Essay writing

Preparing to write an essay

Now that you are in college you will probably be asked to write essays and assignments that are more complex and significantly longer than any you have previously written. This means you are not likely to be able to produce a good quality college assignment in one sitting.

There is no right or wrong way to approach assignment writing. This guide has been written to try and provide some useful pointers to help keep you on track.

Before you get started

Here are some questions you need to think about before you start:

  • How much time are you going to need to write the assignment?

Think about other deadlines and commitments you have. If you have lots of other things to do then it might be useful to write a rough timetable, blocking out specific times to work on different tasks.

Week 1 Week 2 Week 3 Week 4 Week 5
Mon Research for art Final draft of art assignment Art Assignment Due
Tue Read art and make plan Begin writing art assignment Rest
Wed Write art assignment plan Finish art assignment
Thurs Art assignment
Fri Start maths assignment Finish maths assignment Maths Assignment Due
  • Do you already have enough information?

Where are you going to look if you need further information? How much time will you set aside for information gathering?

  • Do you understand the assignment question?

If not you need to assign yourself time to analyse the question, or to contact your lecturer to ask them for help.

Make a plan

It is very easy to get distracted when you’re writing up assignments. When you have finished your background reading, but before you begin writing, it is a good idea to write a plan. An assignment plan is a rough outline of the structure of your assignment and the arguments and information you will include.

How do I write an assignment plan?

A good place to start is to ‘brainstorm’ your ideas. This means getting all your ideas down quickly, without bothering too much about the order. You can put your ideas down either onto paper or on a computer.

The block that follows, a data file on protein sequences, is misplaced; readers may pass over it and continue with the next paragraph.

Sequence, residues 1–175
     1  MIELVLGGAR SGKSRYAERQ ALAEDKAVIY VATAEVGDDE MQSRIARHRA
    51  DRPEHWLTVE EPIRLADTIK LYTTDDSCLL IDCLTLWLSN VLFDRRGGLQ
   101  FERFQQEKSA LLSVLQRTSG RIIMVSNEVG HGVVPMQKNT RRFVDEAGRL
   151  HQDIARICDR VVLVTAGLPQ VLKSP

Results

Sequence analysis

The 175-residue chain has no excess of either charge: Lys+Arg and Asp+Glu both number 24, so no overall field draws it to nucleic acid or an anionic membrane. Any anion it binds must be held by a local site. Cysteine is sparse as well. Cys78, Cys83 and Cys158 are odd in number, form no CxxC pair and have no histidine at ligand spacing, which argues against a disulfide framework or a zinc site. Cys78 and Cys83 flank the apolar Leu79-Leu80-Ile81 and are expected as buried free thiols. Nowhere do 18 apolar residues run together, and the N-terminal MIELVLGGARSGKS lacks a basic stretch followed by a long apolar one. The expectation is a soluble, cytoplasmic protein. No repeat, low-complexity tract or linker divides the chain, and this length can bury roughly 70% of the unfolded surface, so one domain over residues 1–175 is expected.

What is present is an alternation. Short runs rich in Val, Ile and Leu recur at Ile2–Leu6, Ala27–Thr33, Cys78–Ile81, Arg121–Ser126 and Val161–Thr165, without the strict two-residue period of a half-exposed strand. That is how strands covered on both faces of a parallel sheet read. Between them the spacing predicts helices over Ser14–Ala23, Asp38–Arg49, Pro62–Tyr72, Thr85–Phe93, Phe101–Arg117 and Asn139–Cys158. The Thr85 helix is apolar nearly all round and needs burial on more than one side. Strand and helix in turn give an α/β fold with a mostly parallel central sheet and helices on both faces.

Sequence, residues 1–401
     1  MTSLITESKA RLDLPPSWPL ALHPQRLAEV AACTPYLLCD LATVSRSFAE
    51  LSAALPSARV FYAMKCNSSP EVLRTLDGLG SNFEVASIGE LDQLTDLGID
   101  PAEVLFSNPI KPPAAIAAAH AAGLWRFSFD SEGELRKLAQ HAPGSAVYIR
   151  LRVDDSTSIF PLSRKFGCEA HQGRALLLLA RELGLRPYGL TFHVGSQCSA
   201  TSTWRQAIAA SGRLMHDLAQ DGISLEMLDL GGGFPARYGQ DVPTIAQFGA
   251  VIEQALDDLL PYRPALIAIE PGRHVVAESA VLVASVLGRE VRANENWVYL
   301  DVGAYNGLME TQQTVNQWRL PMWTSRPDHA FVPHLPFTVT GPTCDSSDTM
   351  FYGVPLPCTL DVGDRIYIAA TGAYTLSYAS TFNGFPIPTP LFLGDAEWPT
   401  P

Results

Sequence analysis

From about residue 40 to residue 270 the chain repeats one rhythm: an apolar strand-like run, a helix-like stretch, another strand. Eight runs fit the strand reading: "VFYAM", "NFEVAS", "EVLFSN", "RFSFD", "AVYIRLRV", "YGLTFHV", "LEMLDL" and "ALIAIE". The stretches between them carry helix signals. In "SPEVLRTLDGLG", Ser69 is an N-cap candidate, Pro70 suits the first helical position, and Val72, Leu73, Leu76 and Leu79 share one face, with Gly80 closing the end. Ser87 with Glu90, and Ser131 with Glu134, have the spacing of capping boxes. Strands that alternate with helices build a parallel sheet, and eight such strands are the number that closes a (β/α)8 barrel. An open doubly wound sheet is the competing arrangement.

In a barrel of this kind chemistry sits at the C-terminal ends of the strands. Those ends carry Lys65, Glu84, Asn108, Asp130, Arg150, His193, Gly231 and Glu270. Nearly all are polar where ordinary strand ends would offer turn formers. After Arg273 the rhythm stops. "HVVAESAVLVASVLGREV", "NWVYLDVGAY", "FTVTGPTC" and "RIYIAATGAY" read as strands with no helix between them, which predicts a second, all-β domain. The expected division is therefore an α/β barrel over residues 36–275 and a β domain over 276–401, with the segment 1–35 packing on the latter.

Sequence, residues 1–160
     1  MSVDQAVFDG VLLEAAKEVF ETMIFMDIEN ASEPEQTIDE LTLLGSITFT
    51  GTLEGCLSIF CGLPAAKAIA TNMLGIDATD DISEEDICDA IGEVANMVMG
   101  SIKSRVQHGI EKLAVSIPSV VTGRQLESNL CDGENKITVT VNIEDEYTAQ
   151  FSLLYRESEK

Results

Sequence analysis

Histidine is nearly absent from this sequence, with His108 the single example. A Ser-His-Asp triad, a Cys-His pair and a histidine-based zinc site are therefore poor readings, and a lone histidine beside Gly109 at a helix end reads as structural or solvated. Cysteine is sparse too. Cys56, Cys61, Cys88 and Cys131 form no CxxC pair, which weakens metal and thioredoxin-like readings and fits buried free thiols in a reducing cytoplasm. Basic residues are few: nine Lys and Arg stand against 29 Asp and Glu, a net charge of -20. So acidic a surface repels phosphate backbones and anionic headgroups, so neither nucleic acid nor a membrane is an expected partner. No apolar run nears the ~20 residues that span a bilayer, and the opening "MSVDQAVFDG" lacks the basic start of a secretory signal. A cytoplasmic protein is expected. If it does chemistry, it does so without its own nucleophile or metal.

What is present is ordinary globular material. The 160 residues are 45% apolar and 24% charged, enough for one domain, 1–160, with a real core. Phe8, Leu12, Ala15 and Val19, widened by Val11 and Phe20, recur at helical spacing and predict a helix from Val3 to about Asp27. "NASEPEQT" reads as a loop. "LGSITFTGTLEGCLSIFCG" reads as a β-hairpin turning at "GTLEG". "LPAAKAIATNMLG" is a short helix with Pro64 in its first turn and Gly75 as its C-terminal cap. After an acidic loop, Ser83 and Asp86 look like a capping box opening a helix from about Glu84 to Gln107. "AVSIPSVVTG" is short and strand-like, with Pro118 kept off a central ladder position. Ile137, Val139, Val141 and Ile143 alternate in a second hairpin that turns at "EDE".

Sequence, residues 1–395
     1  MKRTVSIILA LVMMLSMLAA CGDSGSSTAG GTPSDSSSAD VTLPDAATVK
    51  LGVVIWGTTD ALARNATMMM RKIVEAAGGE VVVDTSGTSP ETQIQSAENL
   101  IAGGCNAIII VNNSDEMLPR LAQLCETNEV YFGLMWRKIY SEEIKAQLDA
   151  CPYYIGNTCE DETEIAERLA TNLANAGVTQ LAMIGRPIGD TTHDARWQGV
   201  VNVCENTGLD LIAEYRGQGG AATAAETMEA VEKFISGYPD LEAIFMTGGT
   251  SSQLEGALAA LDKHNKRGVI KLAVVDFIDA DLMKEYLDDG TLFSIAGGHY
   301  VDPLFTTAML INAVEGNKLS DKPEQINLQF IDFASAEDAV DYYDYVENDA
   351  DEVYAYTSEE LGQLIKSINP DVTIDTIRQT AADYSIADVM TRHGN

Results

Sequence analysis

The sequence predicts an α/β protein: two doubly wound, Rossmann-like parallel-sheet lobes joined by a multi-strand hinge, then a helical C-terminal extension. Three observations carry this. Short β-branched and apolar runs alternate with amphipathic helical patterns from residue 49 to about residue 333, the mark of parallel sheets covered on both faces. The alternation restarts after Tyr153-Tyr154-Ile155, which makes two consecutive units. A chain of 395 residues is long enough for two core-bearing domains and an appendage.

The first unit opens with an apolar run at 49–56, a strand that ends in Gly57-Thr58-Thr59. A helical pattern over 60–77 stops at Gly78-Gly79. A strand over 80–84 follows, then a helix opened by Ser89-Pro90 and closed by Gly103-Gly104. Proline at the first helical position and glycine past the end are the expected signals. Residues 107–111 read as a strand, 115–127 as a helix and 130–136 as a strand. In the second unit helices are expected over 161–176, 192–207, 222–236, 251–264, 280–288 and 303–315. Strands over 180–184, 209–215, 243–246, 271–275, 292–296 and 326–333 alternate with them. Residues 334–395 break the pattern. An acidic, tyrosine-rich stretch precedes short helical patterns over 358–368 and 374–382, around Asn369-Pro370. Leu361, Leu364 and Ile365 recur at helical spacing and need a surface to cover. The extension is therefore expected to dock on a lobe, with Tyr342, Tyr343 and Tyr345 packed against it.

Once you have done this you can select the points you are going to use in the assignment, and put them in order. By grouping similar ideas together in a logical structure, your assignment will have a more natural flow. Some people prefer to write their plan as a list. Others prefer visual methods such as mind maps. Choose whatever works best for you.

Keep your plan to hand whenever you are working on your assignment, so that you can refer back to it. The plan should really help to keep you on track.


You now have all the information you need, as well as a plan!  But are you confident enough about your language and grammar? Are they good enough to get you high marks in a college assignment? If not it is well worth putting aside some time to get your grammar skills up to scratch. To help with this there are plenty of resources available in the Learning Centre, or on the internet.Now are you ready to start?

Here are two to try:

http://www.bbc.co.uk/learning/subjects/english.shtml

http://grammar.ccc.commnet.edu/grammar/index.htm

Now you should definitely be ready to start!

Finally

This study guide is one of many available to help you with your study skills. Once you are ready to start writing your assignment then the ‘Structuring an essay’ will also be useful.

Proofreading an essay

Proofreading is an essential task in your work preparation process. It is the process of checking your work for errors before your work is finally submitted. It requires a high level of concentration and attention to detail and includes checking for accurate spelling, good grammar and a clear writing style.

Why do I need to proofread my work?

Work should always be proofread as a matter of course. A document full of spelling and grammatical errors indicates to the examiner or reader a sloppy approach and a lack of attention to detail on the part of the author. You need to be able to show that you have taken your work seriously. Well-written and presented work will give the examiner the proof that you understand what you have written and can clearly demonstrate this in writing.

How do I proofread a document?

The best policy is to proofread the text twice:

The first time that you proofread you need to focus on the following:

  1. It is better to use a dictionary when checking for spelling mistakes. When using a spell checker to word process a document it is essential to make sure that UK and not US spelling is used. Do not rely solely on spell checkers and grammar checkers as they do not always detect errors. If unsure, it is always better to use a good dictionary.
  2. Check punctuation and grammar.
  3. Check sentence structure.